Contemporary

Girl Defective by Simmone Howell

girldefectiveThis is one of the titles that didn’t fall under my radar until very recently. But I wanted to read it as soon as I saw the cover! No, I wasn’t really looking at the teens kissing. I wasn’t even looking at the boy wearing a pig’s snout, although that was kinda cute. It was the records.

I’m a sucker for books about music.

The synopsis compared this book to High Fidelity and Empire Records, which are both among my favourite movies. Not that I read the synopsis before starting on this book. A good thing, too – since it doesn’t remind me of either movie at all, and if I had read the synopsis, I would’ve been disappointed. But.

I liked the book. A lot. It’s basically a super fun read, about a girl named Skylark, her brother (named Seagull), and the vintage record store that her dad owns. Skylark loves music and plans to succeed after her dad. Seagull likes solving mysteries and almost never takes off his pig’s snout. Neither have many – or any – friends at school, although they’re both close to Nancy, an older girl who at first comes off as a stereotypical MPDG, but would be more fleshed out throughout the book. And then there’s Luke Casey, the new guy their dad hired to help out during the summer.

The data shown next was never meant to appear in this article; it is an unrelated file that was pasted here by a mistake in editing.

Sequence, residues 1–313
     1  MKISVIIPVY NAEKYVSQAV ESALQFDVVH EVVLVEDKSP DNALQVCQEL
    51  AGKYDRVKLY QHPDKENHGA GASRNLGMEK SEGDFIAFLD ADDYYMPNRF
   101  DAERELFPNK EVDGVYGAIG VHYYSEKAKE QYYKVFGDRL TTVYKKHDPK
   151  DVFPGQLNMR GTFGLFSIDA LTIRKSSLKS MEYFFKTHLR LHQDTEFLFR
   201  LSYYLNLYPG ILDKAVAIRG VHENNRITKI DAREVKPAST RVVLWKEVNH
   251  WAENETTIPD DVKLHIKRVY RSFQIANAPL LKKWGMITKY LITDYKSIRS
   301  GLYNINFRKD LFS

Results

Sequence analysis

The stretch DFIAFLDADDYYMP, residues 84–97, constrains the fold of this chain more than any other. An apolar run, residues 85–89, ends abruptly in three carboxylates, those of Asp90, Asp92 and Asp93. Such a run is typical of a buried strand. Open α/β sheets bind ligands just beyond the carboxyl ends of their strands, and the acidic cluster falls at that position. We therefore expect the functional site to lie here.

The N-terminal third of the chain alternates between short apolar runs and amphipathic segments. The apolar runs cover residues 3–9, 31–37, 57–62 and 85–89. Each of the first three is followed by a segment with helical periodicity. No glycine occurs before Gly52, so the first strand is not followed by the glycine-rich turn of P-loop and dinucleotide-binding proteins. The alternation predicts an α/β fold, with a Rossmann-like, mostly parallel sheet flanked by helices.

This story is a mystery, as it follows a couple of threads that unravels as the characters search for answers. It’s about music, and the search for that one ultimate record. It’s about family, both the kind you’re born to, and the kind you make. It’s about friends – the kind we can’t let go of, and the kind we need. It’s about all the different ways one can be a misfit, and not being able to fit in. It is also about summer romance, sort of – the romantic thread doesn’t really start until MUCH later in the book, which is a plus point to me! All of these things come together well enough to make one very satisfying read.

I don’t really have any misgivings about Girl Defective, except for one. There were a few uses of ableist language – to me, the language fits in with the story, as it made me think about what those words really mean, and how they might affect Seagull. It also fits in with Skylark’s notion that all of them are “defects” in one way or another. But those that want to steer clear away of all and any kind of ableist language will want to proceed with caution with this book.

I really like the treatment of romance in this story – as a sort of flavour to Skylark’s story/summer, but not really the point at all. I’m tired of all these stories where it’s all about the love, you know? I like that the characters are all flawed and complex in their own ways. And I love the depiction of Seagull, who is now one of my favourite neuroatypical character. I love all the musical references, especially the Beatles ones, and I love that this book made me look up The Millionaires’ “The Wishing Well”, because now I have a new favourite!

– previously posted on Weebly

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